The Boy Who Loved Christmas

I guess that’s not a very creative title. Lots of people love Christmas. I’m one of them, but I’m not a boy anymore. I’m 52 years old. I still love Christmas.

At the risk of drawing the ire of my Christian friends, I’ll confess that it has little to do with the Christian aspects of the holiday. It’s not that I discount that. That’s just not the hook for me. (Feel free to post your scathing comments below. I also don’t think there is a War on Christmas. Even if there is, Christmas won.

So, here’s what I like:

THE PRESENTS

I have to be honest: I like getting gifts. Admit it–you do, too. I won’t even return bad gifts. I just keep them. Really, I don’t think there are any bad gifts, just unsuitable ones. They way I look at it, no one has to give me anything. I should appreciate the effort.

Okay, sometimes I’ll give one of my gifts to someone else, but I never “re-gift.” I’ll just say: “Hey, someone gave me this, and I can’t use it. Do you want it?” Bourbon chocolates are a good example. Those are big here in Kentucky, and I don’t like them. I never have. Every year at Christmas, I’ll get boxes of them from various sources. If you’re not familiar with this confection, just imagine fudge drenched in bourbon. It’s an alcoholic’s idea of candy. (“Chocolate’s great, but you know what would make it better? BOOZE!!“). I just give them away. Fruit cake works the same way, except I can’t find anyone who wants that crap.

While I certainly appreciate the effort, despite no gift being bad, they’re not all good, either. Clothes are rarely good presents for me.  At I’m 5’ 8” and 160 pounds, I’m the wrong size for a typical American. I am, however, the perfect size for a middle weight boxer. Think about that: MIDDLE weight. This connotes a person of medium size, does it not? Why, then, do people insist upon buying me clothes designed for men twice my size? If a “large” size fits me, what size do actual LARGE men wear? I get sweaters that hang to my knees, shirt with sleeves falling below my hands and pants in which two of me can be stuffed. Even these grotesquely ill-fitting items are greatly appreciated, though. I try my best to wear them. I’ll hang on to them for a while, hedging my bets against being stricken with gigantism or morbid obesity. At some point, I’ll donate them to charities devoted to clothing behemoths.

With these limited exceptions, I like all gifts, especially if they are gift-wrapped. Socks, neck ties, cologne, fruit, books–you name it–I like them all. No one is obligated to give me anything, so it’s a nice gesture. Sometimes, I get great gifts. One year, my brother and I got like 10 G.I. Joes. I’ll never forget that. I got a baseball glove when I was 10. I still have it, too.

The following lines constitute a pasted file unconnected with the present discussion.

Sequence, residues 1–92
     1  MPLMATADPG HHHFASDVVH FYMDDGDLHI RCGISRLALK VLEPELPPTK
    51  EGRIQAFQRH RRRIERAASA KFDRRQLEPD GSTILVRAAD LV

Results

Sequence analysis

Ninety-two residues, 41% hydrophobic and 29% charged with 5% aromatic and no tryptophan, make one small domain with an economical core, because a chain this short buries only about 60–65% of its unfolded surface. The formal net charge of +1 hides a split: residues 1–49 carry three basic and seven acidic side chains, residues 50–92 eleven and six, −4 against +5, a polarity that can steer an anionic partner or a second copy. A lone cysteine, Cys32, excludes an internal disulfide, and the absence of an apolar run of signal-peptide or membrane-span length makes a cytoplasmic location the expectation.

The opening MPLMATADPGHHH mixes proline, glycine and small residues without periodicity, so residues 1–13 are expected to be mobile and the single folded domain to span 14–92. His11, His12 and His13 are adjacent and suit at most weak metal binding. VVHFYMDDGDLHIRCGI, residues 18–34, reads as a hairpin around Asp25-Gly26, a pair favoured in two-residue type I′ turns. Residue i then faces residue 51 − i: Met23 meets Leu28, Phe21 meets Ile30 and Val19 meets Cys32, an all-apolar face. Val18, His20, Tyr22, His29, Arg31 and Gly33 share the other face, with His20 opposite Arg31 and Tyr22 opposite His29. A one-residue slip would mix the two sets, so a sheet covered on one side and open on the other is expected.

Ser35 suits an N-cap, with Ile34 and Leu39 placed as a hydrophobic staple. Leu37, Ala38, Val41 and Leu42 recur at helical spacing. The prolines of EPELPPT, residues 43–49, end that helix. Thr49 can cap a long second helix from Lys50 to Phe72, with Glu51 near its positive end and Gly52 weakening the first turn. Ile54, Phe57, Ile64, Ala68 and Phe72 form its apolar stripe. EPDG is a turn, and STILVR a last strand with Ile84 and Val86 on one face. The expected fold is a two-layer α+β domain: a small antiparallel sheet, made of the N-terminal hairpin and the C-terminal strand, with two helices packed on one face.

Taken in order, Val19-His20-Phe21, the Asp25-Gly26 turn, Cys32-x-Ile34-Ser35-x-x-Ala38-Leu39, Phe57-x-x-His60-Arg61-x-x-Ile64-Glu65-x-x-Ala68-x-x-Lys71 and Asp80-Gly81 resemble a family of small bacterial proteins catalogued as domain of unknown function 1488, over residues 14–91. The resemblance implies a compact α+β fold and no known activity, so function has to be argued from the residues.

I also like giving gifts to people. In fact, I might like that more than receiving them. I don’t even care if you like the gift. My wife never likes my gifts, unless it’s something she has specifically identified, and I mean specifically. I need photos, serial numbers, model numbers, sizes, colors, etc. In fact, it’s most helpful if she just buys the gift herself. One year, I used a personal shopper to pick out maternity clothes. My wife hated all of them. The fact that she wasn’t pregnant may have contributed to that, but you get my point.

Christmas also makes me want to give money to worthy causes. Well, the tax deduction also motivates me, but it’s great that Christmas comes at the end of the calendar year when a giving spirit and greed combine so nicely.

It’s said that it is better to give than receive. I’m not sure about that, but they’re both fun.

THE MUSIC

Christmas music is great, too. Deck The Halls sounds good whether sung by Pat Boone or Twisted Sister. White Christmas? Bing Crosby, Elvis, Jewel, Leon Redbone—they all can nail it. All of us sing along when we hear these. We sing along to Good King Wenceslas, even though we don’t the words. We don’t know whether there are bells on Bob’s tail or Bobtail. Regardless, we cheerily sing along.

Naturally, not all the songs are great. During three or four Christmas seasons, my youngest son played Grandma Got Run Over By A Reindeer over and over (and over). I’ll admit that I found it humorous the first couple of dozen times. After that, it became tedious. It’s Cold Outside is a fairly new classic, but its tacit endorsement of date rape doesn’t put me in the holiday mood.

Then there are the Christmas Carolers. I don’t see them as much as in the past, but they still roam about. Maybe they focus more on hospitals and shut-ins. That’s for the best. Honestly, carolers make me a tad uncomfortable. I just stand there and watch them. Singing along seems unnecessary, inappropriate even. Just when I think they’re done, they sing another song. When they finally do finish, there’s an awkward moment of silence. I’m never sure if I should applaud, hand them money or just shut the door. The whole scene makes me uneasy.